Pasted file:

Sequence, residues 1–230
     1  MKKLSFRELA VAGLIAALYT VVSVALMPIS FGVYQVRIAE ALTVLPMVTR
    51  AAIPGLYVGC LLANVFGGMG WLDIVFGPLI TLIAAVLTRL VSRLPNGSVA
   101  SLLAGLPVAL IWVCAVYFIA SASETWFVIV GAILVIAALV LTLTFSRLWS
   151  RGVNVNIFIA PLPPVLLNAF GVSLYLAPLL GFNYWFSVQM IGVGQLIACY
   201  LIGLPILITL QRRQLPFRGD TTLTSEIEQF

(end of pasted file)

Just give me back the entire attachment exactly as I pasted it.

Sequence, residues 1–230
     1  MKKLSFRELA VAGLIAALYT VVSVALMPIS FGVYQVRIAE ALTVLPMVTR
    51  AAIPGLYVGC LLANVFGGMG WLDIVFGPLI TLIAAVLTRL VSRLPNGSVA
   101  SLLAGLPVAL IWVCAVYFIA SASETWFVIV GAILVIAALV LTLTFSRLWS
   151  RGVNVNIFIA PLPPVLLNAF GVSLYLAPLL GFNYWFSVQM IGVGQLIACY
   201  LIGLPILITL QRRQLPFRGD TTLTSEIEQF